Holy smoke, it’s beautiful in the Alps right now.
But it’s also WARM. I’m in Val Thorens at the moment: and chuffed to bits to be here, because in a thaw like this a high-altitude resort is exactly what’s needed. But even in Val Tho you have to take your helmet off if you stand around in the sun for too long. Otherwise, it feels like you’re brain is going to boil.
That said, two days into this warm-wave, there’s still some lovely snow to be skied on the north-facing slopes: both fast grippy pistes, and packets of sumptuous, calf-deep powder. To get la poudreuse you need to hit the leeward side of a ridge, where all the snow was blown in last week’s snowstorms. If you find the right spots, you’ll make some gorgeous turns.
By contrast, on the windward side of many slopes, there’s barely enough snow to support a mouse. Given the extremely variable depth of the cover, everyone has got their old “rock skis” out, and is expecting plenty of gouges from hidden boulders.
Meanwhile, on slopes that get a lot of sunshine, the snow is going through a daytime melting/overnight refreezing cycle more typical of spring than early December. Here, you need to wait for the sun to soften the cover if you don’t like skiing hardpack.
Here’s a photo of my guide yesterday, Antoine Diet, making one of those powder turns I was talking about. He’s an amazing skier – and full of the joy of being in the mountains. Shame I wasn’t in the right place to take the shot…
Meanwhile, below is a little video taster of how the snow was in Verbier on Monday.
But how long will the thaw last?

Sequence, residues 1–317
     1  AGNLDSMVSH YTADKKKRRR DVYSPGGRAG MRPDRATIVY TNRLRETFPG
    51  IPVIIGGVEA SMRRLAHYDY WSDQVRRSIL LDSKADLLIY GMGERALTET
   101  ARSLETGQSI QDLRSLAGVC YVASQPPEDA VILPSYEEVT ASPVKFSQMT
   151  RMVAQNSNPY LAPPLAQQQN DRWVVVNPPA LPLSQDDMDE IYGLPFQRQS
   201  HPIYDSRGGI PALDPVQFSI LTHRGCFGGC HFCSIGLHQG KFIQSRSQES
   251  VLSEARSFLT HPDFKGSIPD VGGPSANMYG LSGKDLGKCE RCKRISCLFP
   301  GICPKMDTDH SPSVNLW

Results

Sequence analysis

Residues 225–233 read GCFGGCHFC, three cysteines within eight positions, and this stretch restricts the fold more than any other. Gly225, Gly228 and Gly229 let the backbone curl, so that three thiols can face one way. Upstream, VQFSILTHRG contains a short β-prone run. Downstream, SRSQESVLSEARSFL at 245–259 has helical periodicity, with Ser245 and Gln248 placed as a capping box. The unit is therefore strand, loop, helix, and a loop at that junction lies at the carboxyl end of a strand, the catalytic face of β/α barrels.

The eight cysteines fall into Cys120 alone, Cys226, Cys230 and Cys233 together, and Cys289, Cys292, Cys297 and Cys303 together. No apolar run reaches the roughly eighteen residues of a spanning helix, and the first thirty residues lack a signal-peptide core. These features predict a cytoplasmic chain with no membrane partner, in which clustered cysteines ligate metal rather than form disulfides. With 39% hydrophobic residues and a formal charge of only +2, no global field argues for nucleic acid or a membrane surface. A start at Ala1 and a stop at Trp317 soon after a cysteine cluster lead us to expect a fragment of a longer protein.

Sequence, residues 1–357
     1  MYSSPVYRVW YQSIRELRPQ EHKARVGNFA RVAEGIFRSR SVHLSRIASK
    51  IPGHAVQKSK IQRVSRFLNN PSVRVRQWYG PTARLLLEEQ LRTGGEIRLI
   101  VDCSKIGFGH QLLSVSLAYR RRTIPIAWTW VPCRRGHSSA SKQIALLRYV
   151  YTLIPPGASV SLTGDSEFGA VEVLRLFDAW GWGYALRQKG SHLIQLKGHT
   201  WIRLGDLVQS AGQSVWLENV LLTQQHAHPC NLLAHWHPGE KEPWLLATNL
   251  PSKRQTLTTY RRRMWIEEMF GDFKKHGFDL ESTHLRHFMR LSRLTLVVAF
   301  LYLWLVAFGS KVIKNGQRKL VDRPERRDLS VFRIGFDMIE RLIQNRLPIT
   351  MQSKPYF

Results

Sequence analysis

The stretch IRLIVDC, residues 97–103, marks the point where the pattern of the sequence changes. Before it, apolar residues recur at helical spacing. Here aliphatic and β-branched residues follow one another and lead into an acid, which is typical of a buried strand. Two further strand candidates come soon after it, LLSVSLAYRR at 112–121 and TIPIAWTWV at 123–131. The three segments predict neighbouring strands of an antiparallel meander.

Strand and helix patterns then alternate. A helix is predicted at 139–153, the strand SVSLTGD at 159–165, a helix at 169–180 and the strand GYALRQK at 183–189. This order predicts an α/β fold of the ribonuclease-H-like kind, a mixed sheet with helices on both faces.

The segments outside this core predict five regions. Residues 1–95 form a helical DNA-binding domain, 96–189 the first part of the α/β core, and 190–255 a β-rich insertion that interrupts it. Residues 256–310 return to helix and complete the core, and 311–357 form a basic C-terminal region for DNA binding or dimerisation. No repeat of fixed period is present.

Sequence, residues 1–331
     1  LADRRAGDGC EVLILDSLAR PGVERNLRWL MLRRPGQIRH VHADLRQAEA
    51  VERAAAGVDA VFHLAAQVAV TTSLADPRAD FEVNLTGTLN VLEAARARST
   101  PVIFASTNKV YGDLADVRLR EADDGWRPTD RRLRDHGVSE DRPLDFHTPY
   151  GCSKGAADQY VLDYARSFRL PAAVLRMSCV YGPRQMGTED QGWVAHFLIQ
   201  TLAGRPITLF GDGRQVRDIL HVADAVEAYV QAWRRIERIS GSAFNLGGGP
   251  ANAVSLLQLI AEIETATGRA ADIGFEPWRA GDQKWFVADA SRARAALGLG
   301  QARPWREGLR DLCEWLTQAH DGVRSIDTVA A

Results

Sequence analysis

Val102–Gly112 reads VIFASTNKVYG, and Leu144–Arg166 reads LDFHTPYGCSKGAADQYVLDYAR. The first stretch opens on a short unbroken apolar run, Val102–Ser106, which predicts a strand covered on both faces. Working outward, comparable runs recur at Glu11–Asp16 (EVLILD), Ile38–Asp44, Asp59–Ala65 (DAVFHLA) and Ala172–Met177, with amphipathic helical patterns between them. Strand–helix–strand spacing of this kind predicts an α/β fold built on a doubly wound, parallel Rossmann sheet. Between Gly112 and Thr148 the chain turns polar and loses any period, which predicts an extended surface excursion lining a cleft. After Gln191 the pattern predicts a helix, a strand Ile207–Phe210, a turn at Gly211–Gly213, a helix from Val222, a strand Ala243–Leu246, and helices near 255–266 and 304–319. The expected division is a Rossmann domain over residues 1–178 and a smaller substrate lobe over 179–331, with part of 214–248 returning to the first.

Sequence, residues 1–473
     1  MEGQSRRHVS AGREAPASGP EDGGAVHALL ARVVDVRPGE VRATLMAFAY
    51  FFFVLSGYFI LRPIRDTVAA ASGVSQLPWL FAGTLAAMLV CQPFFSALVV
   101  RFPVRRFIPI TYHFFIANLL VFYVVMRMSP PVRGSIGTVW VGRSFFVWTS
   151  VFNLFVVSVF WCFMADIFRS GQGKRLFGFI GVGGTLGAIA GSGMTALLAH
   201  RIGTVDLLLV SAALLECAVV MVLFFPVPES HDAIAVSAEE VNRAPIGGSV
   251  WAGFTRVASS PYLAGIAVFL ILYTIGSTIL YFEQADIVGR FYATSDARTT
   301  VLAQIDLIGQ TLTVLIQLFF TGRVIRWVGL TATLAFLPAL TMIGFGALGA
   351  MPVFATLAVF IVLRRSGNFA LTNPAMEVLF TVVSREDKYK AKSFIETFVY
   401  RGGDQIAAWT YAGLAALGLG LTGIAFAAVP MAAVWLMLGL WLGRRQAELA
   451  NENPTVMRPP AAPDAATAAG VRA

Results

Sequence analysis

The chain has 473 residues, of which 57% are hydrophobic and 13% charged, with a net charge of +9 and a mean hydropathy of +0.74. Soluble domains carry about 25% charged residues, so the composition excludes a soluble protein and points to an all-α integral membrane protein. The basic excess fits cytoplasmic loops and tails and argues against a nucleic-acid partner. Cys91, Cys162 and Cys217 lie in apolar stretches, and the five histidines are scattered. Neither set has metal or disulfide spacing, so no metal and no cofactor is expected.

Ay, there’s the rub. Last week’s excitement – caused by a week of snowy weather across the northern Alps – has turned to dismay, as another sunny and unusually mild spell has settled over the region. The daytime freezing point has shot back uphill, and is likely to hit a giddy 3300m across much of the northern Alps today. What’s more, despite a slight cooling off at the weekend, it’s not yet certain when the weather is going to change. Once again, memories of last season’s grotty Christmas have been reawakened.
If you’ve booked a skiing holiday at some point in the coming month, and you’ve chosen a high-altitude resort, with plenty of skiing above 2200m, I wouldn’t be too downhearted. Yes, the cover is going to thin in the warm sunshine, and in a week’s time almost nothing will be skiable off-piste, except on the very highest and most sheltered slopes. But there’s already a decent base on many pistes which the resorts will be topping up overnight with snow cannons. And with three weeks still to run until Christmas, there’s time for a significant shift in weather patterns.
In fact, in the last 24 hours the mid-range weather charts have started to suggest the high pressure will slip westwards at some point between December 12 and 14. Ten days out, this is merely a hypothesis, not a forecast. But if it comes, the change could be very abrupt, as it was last week. After all, it is December.
All the same, if you haven’t booked a holiday yet, make sure your choice has plenty of high-altitude slopes, to be safe.
Despite the warm weather, lots of ski resorts are going ahead with their openings this week. There are too many to list here, but they include Lech and St Anton in the Austrian Arlberg, Madonna di Campiglio and the resorts of the Sella Ronda in Italy, Meribel, Courchevel and Les Deux Alpes in France. Serre Chevalier is also opening for a weekend preview from December 5-8.
Here’s how it was looking at the top St Anton’s ski area earlier today. As you can see, the Austrian Arlberg did very well from the recent cold and snowy spell, and on piste there’s plenty of cover. However, here as everywhere in the Alps, the quality of the snow is going to suffer over the next few days.
Meanwhile, in North America…
Colorado enjoyed a five-day spell of unsettled weather over Thanksgiving, which brought wildly varying amounts of snow to the state’s ski areas. Little Wolf Creek, in the south, notched up a meaty 86cm, Beaver Creek had 53cm and Vail 41cm, while other ski areas got a measly 15cm.